• 23. deliver for multi-site video conferencing. This is incorrect, today’s H.323/IP solutions come in two flavours, via a MCU (multi conference unit) or via an IP video conferencing end point with MCU capability built to support up to 4 endpoints simultaneously for example. The Access Grid community rely on multicast for multi site video conferencing. Though it can scale impressively with support to access a wide range of shared applications including Grid specific products and streaming video, work needs to continue to simplify the end user experience to avoid reliance on an Access Grid operator. The Access Grid also relies on open source code which is ever changing and can impact on the service, setting standards for implementation and pre-testing to manage the service will heighten positive user experiences and is encouraged. 4.7. Future work to enhance booking and bridging services The future will see further enhancement to the video infrastructure to support ISDN and desktop video services, a schematic that may emerge can be seen below Fig 8: Short to mid-term future architecture outlook The group were asked to consider a wish list of ongoing directly relevant and related work to enhance the booking and bridging service, and to feedback on their experiences in working as a group and with a vendor, the lists below are in no particular order Enhancements to the current booking and bridging service 23 | P a g e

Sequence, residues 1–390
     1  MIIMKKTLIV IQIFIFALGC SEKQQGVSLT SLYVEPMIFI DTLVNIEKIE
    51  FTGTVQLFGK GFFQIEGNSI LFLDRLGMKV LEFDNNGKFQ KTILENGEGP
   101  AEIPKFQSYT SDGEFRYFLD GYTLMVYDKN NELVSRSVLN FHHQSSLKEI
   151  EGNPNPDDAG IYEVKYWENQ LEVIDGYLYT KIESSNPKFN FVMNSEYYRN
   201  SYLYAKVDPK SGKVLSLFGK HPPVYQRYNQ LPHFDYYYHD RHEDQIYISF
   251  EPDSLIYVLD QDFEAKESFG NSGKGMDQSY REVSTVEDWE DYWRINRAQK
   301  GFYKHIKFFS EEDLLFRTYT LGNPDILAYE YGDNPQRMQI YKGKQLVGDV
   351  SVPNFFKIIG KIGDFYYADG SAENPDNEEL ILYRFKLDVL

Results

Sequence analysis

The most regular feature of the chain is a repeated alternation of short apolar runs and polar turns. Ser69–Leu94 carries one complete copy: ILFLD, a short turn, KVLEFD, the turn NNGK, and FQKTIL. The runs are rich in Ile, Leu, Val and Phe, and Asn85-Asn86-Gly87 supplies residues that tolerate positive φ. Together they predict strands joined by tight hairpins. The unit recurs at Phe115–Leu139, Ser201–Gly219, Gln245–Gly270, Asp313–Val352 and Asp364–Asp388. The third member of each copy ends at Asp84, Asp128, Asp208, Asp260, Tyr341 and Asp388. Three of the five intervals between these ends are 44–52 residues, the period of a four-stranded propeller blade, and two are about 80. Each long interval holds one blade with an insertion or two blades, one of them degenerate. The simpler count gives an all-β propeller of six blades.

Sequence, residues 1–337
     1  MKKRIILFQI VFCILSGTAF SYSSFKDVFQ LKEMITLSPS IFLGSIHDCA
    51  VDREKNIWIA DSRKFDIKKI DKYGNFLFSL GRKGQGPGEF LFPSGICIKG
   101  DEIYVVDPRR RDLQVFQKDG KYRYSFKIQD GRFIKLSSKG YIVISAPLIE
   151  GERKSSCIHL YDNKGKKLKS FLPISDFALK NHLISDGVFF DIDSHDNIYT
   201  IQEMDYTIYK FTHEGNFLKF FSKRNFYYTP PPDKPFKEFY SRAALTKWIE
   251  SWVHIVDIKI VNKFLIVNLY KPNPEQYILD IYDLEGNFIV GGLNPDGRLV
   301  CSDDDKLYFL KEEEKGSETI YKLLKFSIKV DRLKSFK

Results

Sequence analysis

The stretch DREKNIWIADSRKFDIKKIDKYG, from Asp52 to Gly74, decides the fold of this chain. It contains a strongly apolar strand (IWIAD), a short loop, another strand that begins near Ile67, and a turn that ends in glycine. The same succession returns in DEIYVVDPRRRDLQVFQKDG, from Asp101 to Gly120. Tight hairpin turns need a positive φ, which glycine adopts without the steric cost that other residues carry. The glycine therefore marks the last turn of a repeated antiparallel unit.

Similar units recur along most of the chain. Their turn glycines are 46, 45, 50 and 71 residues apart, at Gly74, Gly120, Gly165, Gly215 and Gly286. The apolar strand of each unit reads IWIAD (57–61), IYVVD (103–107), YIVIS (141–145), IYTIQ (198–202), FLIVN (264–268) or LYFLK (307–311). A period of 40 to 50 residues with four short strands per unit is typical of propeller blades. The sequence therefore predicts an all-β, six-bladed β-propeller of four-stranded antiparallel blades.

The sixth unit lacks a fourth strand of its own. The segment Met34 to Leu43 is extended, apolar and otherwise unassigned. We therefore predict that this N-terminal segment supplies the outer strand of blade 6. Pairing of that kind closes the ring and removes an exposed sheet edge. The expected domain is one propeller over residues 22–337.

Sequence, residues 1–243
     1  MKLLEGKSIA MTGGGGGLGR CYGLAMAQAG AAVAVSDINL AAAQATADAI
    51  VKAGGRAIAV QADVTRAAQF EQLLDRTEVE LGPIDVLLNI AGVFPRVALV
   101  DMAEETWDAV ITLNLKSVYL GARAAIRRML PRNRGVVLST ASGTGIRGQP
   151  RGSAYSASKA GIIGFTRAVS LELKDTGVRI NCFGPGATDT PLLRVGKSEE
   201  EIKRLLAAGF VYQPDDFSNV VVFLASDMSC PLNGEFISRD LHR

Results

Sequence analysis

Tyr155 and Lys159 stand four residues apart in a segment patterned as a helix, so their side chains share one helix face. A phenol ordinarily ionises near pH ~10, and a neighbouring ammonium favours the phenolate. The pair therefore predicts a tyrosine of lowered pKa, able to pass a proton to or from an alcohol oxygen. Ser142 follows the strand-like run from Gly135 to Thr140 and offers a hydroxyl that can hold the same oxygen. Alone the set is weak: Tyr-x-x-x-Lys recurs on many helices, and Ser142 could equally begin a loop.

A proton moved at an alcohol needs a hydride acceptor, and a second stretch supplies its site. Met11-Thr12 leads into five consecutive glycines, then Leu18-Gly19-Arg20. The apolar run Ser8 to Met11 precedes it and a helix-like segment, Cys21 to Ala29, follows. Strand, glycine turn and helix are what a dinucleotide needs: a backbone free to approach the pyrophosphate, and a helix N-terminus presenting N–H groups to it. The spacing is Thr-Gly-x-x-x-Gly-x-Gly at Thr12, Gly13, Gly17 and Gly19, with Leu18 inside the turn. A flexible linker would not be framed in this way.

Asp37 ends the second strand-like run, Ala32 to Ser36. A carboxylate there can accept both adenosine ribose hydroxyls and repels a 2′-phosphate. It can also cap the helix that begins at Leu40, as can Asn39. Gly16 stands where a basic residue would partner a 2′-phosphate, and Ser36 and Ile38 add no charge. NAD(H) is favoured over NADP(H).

• 24. • Develop marketing material for the current booking and bridging service • Focus on greater adoption and use of video conferencing for teaching, learning and research needs (e.g. schools to join in via video to experts who present to 13-16 year olds on curriculum subject, this needs funds to coordinate, promotion and bridging, streaming and recording support to broaden reach and make the talk available on demand. • Server monitoring of participating MCUs should be explored with mechanisms to reallocate ports in the event that a MCU is unreachable at times prior to the start of a booked conference, in a “just in time” manner. • Expand the bridging service to support ISDN out dial services via CMP and 1-2-3 booking system to maximise reach to smaller non-academic (non-AARNet) sites such as medical schools, TAFEs and industry partners. • Enhanced reporting and the ability to generate billing and charge back / pre-pay functionality to support ISDN out dial services. • Firewalls and NAT implementations are a major cause of video conferencing not working, typical scenarios are one way audio or video, NAT/Firewall traversal best practice / solutions should be developed and promoted. • Support for desktop video conferencing services via an ad hoc solution that does not require bookings is encouraged to address a growing user base due to the proliferation of cheap headsets, webcams and access to broadband services. • Video Conferencing and Access Grids co-exist but more needs to be done to bridge between both worlds in a user friendly way. • Shibboleth authentication support for booking/bridging services is possible with integration investment and a federated identity management solution must be the cornerstone for future access control, scalability and security compliance. • Streaming services are supported via Codian MCUs, however work to generate higher quality (HD) streams, with applications that allow conferences to be easily recorded and accessible on demand in multiple formats including iPOD, is necessary to leverage existing investments to support teaching and learning. • In moving from pilot to production services, the group recommends that this should happen under AARNet's coordination with the following measures in place o The group wishes to continue to meet on an informal basis via video to provide feedback on the current platform and advice and guidance on spin off work and a future platform post 2009 o Adequate support resource is necessary and AARNet’s current 2 FTE allocated to their National Video Conferencing Service is recommended to operate and develop the service. o Maintenance for CMP and MCUs has been uncertain with the Tandberg take over, AARNet has secured maintenance for the next 3 years, and participating institutions should consider the same approach for their Codian MCUs. o CMP is supported until the end of 2009, AARNet are encouraged to assess the market and start work to prepare for a new multi-vendor platform solution post 2009. The MCU review project group will assist AARNet in identifying requirements for a new solution, with options on segmented 24 | P a g e